But in an interesting twist, the Georgia men in question are claiming they gained inspiration for the attacks from a self-published online novel written by Mike Vanderbough, an Alabama militia leader in the 1990s, who now lives on disability but infamously called for bricks to be thrown through the windows of Democratic congressional-district offices during the health-care vote. More recently, Vanderbough received a mainstreaming of sorts when he was repeatedly used by Fox News as an on-air analyst as part of their coverage of the “Fast and Furious” federal gun investigation, calling him a “whistleblower” without bothering to mention his previous connections.
According to the Atlanta Journal-Constitution, the introduction of Vanderboegh’s self-published novel Absolved frames the tale as a “cautionary tale for the out-of-control gun cops of the ATF ... For that warning to be credible, I must also present what amounts to a combination field manual, technical manual and call to arms for my beloved gunnies of the armed citizenry,” Vanderboegh writes. “They need to know how powerful they could truly be if they were pushed into a corner.”
This rhetoric is consistent with what I heard during an extensive telephone interview with Vanderboegh for my book Wingnuts. He has repeatedly written about the need for defensive strikes against the government: “if we are to avoid civil war, we must get their attention BEFORE the IRS thug parties descend upon us each in turn—when we will be forced into dozens of defensive slaughters and then, to end it, forced yet again to call Pelosi and the other architects of this war upon their own people to final account.” Likewise, at a gun rally in Virginia last year, he declared “Whenever the legislators endeavor to take away and destroy the property of the people, or to reduce them to slavery under arbitrary powers, they put themselves into a state of war with the people, who are thereupon absolved from any further obedience.”
Now that some readers have apparently tried to heed his call, Vanderboegh is busy backtracking and throwing his would-be followers under the bus, telling Fox News that his novel has been misrepresented. “What kind of moron uses the phrase ‘save the Constitution’ and then goes out to try and distribute ricin?” Vanderboegh told them. “This has got to be the Alzheimer’s gang. What political point is made there? I don’t understand what was going on in the minds of these Georgia idiots.” This doesn’t quite jibe with the quote that used to prominently crown Vanderboegh’s blog: “All politics in this country now is just dress rehearsal for Civil War.”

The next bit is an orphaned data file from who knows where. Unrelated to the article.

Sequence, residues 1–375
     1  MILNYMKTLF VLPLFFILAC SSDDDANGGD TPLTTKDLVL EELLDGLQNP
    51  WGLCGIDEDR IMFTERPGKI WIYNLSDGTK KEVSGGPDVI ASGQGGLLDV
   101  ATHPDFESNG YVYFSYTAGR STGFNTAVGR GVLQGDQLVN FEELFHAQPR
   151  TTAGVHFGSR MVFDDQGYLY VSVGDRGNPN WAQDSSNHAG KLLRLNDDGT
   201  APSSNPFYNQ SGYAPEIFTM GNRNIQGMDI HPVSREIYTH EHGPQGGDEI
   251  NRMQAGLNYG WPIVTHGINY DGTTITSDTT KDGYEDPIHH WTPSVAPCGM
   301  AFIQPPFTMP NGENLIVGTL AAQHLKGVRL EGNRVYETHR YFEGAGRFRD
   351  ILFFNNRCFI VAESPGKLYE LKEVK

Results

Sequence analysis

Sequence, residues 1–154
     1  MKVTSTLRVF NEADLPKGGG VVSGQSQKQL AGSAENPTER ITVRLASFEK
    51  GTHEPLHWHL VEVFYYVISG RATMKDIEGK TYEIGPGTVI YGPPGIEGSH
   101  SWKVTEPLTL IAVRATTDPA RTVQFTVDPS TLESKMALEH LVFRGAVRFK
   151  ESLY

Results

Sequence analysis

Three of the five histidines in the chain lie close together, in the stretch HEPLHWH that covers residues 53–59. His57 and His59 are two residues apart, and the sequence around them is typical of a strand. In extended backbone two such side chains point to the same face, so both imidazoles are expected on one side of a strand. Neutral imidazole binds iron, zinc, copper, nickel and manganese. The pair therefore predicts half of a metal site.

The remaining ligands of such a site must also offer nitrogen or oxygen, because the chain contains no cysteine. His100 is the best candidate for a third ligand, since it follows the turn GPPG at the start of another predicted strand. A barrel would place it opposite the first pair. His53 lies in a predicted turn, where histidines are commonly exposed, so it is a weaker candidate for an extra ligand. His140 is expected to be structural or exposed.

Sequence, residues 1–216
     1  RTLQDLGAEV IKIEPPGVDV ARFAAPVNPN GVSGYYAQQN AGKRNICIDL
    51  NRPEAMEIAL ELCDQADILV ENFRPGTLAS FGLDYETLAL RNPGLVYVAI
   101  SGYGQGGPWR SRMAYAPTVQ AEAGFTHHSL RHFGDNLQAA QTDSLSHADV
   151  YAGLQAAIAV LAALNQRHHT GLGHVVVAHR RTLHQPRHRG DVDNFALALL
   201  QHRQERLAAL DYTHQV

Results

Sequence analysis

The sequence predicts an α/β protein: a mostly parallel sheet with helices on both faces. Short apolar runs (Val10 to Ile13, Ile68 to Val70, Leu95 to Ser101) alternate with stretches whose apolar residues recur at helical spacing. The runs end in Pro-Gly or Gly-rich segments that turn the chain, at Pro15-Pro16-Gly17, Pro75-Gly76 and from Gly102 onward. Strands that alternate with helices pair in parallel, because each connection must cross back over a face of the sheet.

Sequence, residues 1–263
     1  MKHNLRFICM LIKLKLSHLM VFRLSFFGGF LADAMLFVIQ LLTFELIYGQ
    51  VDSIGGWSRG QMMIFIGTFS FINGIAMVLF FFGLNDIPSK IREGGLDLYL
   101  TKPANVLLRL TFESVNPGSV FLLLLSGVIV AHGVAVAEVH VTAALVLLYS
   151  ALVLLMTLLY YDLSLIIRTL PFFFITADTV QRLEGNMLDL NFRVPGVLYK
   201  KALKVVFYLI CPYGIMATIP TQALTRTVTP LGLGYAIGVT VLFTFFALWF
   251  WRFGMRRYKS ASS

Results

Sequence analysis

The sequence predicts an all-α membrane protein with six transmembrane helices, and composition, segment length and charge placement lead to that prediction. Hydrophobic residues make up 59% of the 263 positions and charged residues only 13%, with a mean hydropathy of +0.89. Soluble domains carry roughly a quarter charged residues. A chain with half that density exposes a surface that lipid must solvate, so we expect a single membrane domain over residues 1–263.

The point is not that Vanderboegh or his novel are directly responsible for the plots by the Georgia Four any more than the heavy-metal band Judas Priest could be blamed for provoking suicides in its impressionable listeners. But he has consciously contributed to the cycle of incitement in the far-right fringe and helped fuel the Hatriot movement with his armed antigovernment fantasies. The fact that someone at Fox News thought it was a good idea to expose this man to a mass audience as an on-air analyst on anything is itself at best a seriously bad judgment call that begs for accountability. This is a case of playing with forces that can easily get out of control.
A look at the self-justifying statements of murder by these Georgia militia members is a reminder of just why the dramatic increase in the number of militia groups in our nation is a real cause for concern. Hate and fear are powerful recruiting tools that can give a sense of purpose to the most unhinged among us—and they can also be poisonous to our body politic.